Terrific recipe! Ate far too much! This salad - for which I have to thank my dear friend Pat - has no taste of soy sauce and no “Chinese” taste. We gobbled masses of it down with Ron’s Barbecued Ribs (blogged Nov. 29, 2011). While the two dishes were a perfect pairing, the salads calcium- and protein-rich almonds, the starch from its noodles, and the vitamins and minerals of the bok choy and green onions, could easily have made it our main course!
Pat: The fickle finger of fate
 pointed us to a nudist beach
Pat and I go back many years, linked by our non-existent sense of direction. A few years ago, when Pat and I decided to take a beach walk, we had no idea we’d strayed onto a nudist beach until we belatedly noticed that everyone was wearing their birthday suits. The odds that it was actually all their birthdays being quite low, we couldn't have been more shocked. 
Realizing we were lost by the deer-in-the-headlights look in our eyes, a man bearing a map pointed to the direction we should exit the beach. When Pat and I simultaneously saw that he wasn’t pointing with his finger, we shrieked in panic, making a run for the crumbling cliff that towers above the beach. Hauling ourselves up like rockets, we clung to roots, scrabbled over logs, dislodged stones, and screamed without pause. We emerged at the top with twigs in our hair and with our primly-clothed bodies covered in dirt and mud. The bemused man with the map is probably still telling the story.
Pat’s Bok Choy Salad:
To Prepare the Salad:
5 baby bok choy, washed, blotted dry, root-end removed 
2-to-3 green onions, finely chopped
1-½ tbsp. butter or margarine
One 3-oz. (85 g) pkg ramen-style instant noodles (discard seasoning packet)
One 3-½ oz. (100 g) pkg natural flaked or sliced almonds
Coarsely chop cleaned baby bok choy into bite-sized pieces. Place in salad bowl, sprinkling with green onions. Melt butter in large skillet over medium heat. While butter melts, break ramen noodles into bite-sized pieces. Add noodles to skillet, tossing frequently until they begin to brown, about 5 min. Add almonds in final minute, quickly stirring until they start to brown. Add to bok choy and green onions, tossing well.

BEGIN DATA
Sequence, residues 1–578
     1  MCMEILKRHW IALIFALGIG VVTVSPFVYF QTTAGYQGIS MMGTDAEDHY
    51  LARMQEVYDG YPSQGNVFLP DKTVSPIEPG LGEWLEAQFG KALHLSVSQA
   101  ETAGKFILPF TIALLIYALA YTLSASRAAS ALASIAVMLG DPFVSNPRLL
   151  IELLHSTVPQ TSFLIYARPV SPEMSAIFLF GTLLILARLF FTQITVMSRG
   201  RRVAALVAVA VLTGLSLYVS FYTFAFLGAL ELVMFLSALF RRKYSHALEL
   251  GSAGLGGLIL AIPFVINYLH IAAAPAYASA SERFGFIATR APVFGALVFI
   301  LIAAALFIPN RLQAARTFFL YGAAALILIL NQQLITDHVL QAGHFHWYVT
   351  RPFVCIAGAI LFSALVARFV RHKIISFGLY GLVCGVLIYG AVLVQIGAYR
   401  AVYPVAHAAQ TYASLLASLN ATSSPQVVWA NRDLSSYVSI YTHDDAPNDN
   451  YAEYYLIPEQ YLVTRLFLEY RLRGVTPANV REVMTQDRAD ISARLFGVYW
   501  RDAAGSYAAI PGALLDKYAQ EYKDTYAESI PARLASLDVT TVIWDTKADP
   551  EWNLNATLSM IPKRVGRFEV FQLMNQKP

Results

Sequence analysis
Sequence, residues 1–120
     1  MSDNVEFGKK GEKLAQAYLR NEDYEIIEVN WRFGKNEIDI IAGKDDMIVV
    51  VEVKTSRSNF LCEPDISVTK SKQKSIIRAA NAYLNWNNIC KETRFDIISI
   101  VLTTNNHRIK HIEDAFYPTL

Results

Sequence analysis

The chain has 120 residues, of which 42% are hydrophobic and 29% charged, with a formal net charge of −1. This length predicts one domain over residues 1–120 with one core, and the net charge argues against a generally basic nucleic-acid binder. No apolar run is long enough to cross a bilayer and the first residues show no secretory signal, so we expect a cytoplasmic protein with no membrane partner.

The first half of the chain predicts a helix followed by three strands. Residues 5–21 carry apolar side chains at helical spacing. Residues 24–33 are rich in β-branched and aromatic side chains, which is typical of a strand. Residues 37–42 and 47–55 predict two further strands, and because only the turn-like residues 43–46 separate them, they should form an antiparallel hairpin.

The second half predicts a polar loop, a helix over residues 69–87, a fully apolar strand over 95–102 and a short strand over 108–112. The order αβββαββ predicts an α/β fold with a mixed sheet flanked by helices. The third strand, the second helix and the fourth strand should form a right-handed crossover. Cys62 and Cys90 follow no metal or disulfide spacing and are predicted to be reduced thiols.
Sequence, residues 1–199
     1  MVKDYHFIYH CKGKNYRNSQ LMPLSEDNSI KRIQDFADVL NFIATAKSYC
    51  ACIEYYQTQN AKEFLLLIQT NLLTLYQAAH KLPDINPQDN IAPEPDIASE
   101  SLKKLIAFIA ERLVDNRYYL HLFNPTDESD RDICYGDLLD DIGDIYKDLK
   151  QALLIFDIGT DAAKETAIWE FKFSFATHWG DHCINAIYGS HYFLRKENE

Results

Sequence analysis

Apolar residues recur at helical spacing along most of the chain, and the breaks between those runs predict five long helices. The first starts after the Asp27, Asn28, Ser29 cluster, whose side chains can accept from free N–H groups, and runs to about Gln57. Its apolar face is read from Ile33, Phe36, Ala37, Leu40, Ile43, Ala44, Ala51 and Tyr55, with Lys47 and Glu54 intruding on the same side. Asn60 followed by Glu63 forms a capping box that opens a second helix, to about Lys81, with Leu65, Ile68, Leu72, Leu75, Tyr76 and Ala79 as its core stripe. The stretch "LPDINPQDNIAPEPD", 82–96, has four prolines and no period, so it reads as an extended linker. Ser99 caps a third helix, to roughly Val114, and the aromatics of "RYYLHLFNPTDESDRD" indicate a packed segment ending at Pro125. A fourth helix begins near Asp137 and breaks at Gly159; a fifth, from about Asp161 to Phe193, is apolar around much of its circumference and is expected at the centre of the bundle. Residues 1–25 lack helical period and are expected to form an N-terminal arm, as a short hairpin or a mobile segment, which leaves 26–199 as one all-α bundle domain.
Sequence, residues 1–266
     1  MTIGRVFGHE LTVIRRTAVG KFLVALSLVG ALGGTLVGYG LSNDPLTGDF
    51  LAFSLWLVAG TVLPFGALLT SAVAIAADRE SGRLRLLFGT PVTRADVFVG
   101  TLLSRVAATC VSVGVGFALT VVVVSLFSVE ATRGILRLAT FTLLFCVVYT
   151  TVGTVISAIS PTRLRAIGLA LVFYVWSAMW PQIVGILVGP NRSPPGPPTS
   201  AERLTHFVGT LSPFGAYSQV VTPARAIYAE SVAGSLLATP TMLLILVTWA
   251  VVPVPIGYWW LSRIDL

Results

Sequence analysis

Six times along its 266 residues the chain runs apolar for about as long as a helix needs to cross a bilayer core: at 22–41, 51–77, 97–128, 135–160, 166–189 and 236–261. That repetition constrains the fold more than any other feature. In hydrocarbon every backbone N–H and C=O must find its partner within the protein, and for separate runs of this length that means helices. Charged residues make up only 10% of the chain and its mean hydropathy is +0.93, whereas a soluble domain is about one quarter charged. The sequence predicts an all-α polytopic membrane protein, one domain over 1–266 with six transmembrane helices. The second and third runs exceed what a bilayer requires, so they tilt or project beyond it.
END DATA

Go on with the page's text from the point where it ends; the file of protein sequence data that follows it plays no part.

To Prepare the Soy Dressing:
In a small lidded jar, combine 6 tbsp. olive oil, 3 tbsp. soy sauce, and 1-½ tsp. granulated sugar. Shake together well, pouring about half the dressing over salad in bowl. Toss salad until leaves glisten. Taste mixed salad, adding slightly more dressing, if needed. In the quantities given, this recipe serves 4-to-6.
Pat says the crispy noodles and nuts remain so the next day, so that nothing goes to waste. I wouldn’t know … we ate every morsel. Once you’ve got the basic dressing on hand, you can adjust this wonderful salad for a buffet - or for just one. Bon appétit!

Use 2 or 3 chopped green onions

Use 5 or 6 baby bok choy

Toss both greens together

These are ramen noodles! The package I bought cost 49 cents

Break up ramen noodles, browning with flaked almonds

With its glistening leaves, this salad looks and tastes great! 

Friday, June 22, 2012

Chinese Lettuce Wraps

This dish is a great break from the usual potatoes or rice. Vary what you put inside these Chinese Lettuce Wraps by what’s in the kitchen cupboard - but don’t forget the “crunch” the water chestnuts and the vermicelli provide! It’s exactly that “crunch”that makes these wraps so interesting. If you’ve never worked with vermicelli, the photos and the method for this recipe will walk you through it. 
For another delicious dish based on this versatile noodle, see the Sunomono Salad recipe I posted Oct. 25, 2011. That recipe is so easy and delicious that it’s held steady for many months as the second most-popular dish I’ve ever posted. I plan to use the uncooked vermicelli left over from this dish to make this excellent Japanese salad, again. 
Chinese Lettuce Wraps:
16-to-20 iceberg lettuce leaves, rinsed, blotted dry, well-chilled
1 tbsp. cooking oil
1 lb. lean ground pork
1 medium onion, finely chopped
2 cloves fresh garlic, minced
1 tbsp. dark soy sauce
2 tsp. sesame oil
1 tsp. Chinese five-spice seasoning
2 tbsp. hoisin sauce
1 tbsp. rice wine vinegar
¼ tsp. Asian hot sauce (optional)
Coarsely ground black pepper, to taste
One 8 oz. (227 mL) can water chestnuts, drained and finely chopped
1 bunch green onions, finely chopped
1-½ c. peanut oil (or other quality oil able to withstand high heat)
Approximately ¼ of a bundle of vermicelli noodles (also called mung bean or glass noodles), slightly separated